Sep. 28, 2004 HOUSTON - Researchers at The University of Texas M. D. Anderson Cancer Center now have evidence that receptors found on tumors that were believed to function only on the surface of cells can actually switch on genes inside a cell's nucleus, thus promoting cancer development in two distinct ways.
They specifically found that HER-2 cell surface receptors, known to promote breast and other cancers when they allow too many growth signals to enter a cell, can actually travel into the nucleus and turn on a variety of genes, including COX-2, which also is associated with carcinogenesis.
The discovery, published in the September issue of the journal Cancer Cell, likely will revolutionize the way scientists think about membrane receptors, says the study's lead author, Mien-Chie Hung, Ph.D., a professor in the Department of Molecular & Cellular Oncology.
"For a number of years, researchers have found membrane receptors associated with cancer development in the nucleus of cells, but they believed these were just debris left over from the receptor's primary job, which is to shuttle signals into a cell," says Hung.
"Here we find that a receptor protein known to be important in one cancer pathway also can enter a cell's nucleus to turn on genes associated with a different carcinogenesis pathway," he says. "Proof of the dual nature of these receptors may well change the nature of research associated with them and, possibly, treatment strategy."
The team of researchers revealed the double-dealing nature of the HER-2 protein receptor after they developed a new cloning and bioinformatics technique to track the path of the receptor. This technology, they say, can now be used by scientists to look for duplicitous behavior in other cell surface proteins.
They developed a method to remove the membrane and outer portion of a cancer cell so that little more than the nucleus was left, and then used an antibody that attached to the HER-2 protein to detect what the receptor protein was doing. They found that HER-2 did attach to a number of genes in the nucleus, one of which is the "promoter" region of the cyclooxygenase-2 (COX-2). In other words, HER-2 was activating the transcription of COX-2.
"Each works in a completely different way, and no one thought that one could be regulating the other," Hung says.
Up to 30 percent of breast cancers "over-express" the HER-2 cell surface protein, which pushes the cell to grow. Over-expression of COX-2 does not allow a damaged cell to die and also is associated with cancer cell invasion and metastasis, he says.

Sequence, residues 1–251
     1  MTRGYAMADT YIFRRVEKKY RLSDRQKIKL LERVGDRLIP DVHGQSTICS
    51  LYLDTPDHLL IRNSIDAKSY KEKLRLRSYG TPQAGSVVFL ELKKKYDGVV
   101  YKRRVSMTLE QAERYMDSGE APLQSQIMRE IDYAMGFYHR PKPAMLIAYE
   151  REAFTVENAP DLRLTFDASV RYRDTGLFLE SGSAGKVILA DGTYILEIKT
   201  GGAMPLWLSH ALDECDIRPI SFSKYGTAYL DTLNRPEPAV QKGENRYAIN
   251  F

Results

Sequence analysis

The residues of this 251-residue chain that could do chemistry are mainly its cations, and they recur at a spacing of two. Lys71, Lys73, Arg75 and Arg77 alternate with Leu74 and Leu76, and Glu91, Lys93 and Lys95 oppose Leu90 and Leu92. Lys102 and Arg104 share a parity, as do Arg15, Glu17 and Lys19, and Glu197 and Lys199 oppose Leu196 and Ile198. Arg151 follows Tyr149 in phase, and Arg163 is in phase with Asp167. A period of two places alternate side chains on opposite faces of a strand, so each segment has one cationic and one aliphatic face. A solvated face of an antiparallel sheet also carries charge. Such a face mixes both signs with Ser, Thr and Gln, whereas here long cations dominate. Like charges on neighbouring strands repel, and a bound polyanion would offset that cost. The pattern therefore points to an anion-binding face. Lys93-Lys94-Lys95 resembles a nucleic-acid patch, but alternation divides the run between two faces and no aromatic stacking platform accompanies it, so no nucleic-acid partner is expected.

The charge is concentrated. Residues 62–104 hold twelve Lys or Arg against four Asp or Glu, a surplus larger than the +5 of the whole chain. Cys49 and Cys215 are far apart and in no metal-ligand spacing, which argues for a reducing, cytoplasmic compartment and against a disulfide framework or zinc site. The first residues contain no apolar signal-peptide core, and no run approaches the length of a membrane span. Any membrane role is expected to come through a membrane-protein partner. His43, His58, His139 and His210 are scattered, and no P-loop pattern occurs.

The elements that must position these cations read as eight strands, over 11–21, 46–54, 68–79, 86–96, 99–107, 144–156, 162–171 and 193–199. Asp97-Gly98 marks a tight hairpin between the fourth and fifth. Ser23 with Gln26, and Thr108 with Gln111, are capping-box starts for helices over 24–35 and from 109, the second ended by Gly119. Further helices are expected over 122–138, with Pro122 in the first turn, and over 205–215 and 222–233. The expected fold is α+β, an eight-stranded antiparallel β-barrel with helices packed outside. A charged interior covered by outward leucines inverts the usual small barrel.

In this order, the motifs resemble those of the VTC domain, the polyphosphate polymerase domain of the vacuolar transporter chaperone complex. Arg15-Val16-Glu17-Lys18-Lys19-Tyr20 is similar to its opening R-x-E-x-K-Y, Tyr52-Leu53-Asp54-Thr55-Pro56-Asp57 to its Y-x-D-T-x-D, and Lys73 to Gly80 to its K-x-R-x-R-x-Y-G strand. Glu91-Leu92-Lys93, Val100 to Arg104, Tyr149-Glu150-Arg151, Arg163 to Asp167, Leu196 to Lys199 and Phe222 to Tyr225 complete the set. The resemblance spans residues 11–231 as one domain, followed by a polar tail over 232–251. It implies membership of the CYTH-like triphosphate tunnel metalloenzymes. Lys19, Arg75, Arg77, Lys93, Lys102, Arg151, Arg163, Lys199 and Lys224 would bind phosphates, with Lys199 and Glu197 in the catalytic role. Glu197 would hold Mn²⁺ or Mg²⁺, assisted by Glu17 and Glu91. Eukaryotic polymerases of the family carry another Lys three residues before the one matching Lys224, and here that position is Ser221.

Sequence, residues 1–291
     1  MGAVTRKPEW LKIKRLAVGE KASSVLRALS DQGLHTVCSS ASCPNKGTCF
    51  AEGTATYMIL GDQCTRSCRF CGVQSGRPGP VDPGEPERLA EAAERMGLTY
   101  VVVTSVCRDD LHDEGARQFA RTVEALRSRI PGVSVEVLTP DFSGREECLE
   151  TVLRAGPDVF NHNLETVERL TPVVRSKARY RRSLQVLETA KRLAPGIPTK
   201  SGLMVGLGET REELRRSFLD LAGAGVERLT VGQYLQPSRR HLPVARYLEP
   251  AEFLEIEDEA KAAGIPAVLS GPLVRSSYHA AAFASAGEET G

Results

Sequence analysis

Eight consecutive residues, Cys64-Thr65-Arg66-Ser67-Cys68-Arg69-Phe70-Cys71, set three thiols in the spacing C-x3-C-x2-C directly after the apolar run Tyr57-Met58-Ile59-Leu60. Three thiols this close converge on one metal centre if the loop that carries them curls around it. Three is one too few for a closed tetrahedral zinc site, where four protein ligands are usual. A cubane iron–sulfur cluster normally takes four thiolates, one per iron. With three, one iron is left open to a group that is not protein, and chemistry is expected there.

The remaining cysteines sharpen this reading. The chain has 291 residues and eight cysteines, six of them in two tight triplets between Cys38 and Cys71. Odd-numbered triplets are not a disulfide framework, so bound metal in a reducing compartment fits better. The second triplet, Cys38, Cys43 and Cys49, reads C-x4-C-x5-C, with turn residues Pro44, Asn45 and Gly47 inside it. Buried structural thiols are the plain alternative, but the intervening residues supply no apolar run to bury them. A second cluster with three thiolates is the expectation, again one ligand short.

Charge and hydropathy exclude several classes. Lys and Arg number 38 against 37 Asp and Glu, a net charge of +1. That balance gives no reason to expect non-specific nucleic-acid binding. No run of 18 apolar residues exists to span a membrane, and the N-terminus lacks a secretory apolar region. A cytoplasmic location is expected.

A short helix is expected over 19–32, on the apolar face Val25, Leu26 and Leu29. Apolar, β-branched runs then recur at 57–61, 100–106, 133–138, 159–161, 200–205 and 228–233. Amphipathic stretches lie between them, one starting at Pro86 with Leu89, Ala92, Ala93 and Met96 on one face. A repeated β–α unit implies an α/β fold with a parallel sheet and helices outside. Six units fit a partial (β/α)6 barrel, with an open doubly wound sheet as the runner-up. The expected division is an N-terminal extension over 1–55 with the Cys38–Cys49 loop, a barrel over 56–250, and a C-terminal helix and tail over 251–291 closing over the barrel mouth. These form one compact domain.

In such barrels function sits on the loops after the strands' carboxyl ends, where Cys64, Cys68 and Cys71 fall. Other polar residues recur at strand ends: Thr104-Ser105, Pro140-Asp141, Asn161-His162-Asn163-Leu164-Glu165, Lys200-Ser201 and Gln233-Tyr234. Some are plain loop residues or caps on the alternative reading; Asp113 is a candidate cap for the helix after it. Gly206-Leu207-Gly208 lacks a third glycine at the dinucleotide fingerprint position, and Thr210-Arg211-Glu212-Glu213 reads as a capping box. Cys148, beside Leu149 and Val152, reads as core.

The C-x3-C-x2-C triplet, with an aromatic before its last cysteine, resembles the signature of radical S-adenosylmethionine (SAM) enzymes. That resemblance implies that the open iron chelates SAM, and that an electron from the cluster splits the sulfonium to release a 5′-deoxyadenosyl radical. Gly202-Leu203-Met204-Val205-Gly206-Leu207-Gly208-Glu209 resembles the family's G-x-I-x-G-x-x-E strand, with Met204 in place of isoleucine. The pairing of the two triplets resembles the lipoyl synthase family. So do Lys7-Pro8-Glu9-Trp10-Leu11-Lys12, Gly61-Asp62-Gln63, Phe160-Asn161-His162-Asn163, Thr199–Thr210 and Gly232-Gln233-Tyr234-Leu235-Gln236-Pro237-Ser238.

Both also are targets for cancer treatments: the breast cancer drug Herceptin has proven beneficial in delaying progression in women whose tumors are HER-2 positive, and the use of non-steroidal anti-inflammatory drugs (NSAID), which slows down expression of COX-2 is being tested as a chemopreventive agent in people who are at high risk of developing certain cancers.
Hung says now that the technology has been developed, researchers can track a variety of membrane receptor tyrosine kinases that have been found inside the nucleus, many of them regulate a variety of cell functions, including proliferation, differentiation and survival. These include other epidermal growth factor receptors (EGFR), of which HER-2 is a member, the vascular epithelial growth factor (VEGF) receptors known to stimulate tumor angiogenesis, and insulin receptors, among many others.
"Science is based on available technology," he says. "And now we can have a peephole into the nucleus that I believe will open up whole new avenues of research."
The study was funded by National Institutes of Health grants, the National Breast Cancer Foundation, the Susan G. Komen Breast Cancer Foundation, and a National Institutes of Health postdoctoral fellowship. Co-authors include Shao-Chun Wang, Ph.D., Huang-Chun Lien, M.D., Weiya Xia, M.D., I-Fen Chen, Ph.D., Hui-Wen Lo, Ph.D., Zhiqin Wang, M.S., Mohamed Ali-Seyed, Ph.D., Dung-Fang Lee, M.S., Geoffrey Bartholomeusz, Ph.D., Fu Ou-Yang, M.D. and Dipak K. Giri, Ph.D. All of the authors are associated with the Department of Molecular & Cellular Oncology except for Huang-Chun Lei, who is now at National Taiwan University Hospital in Taiwan.
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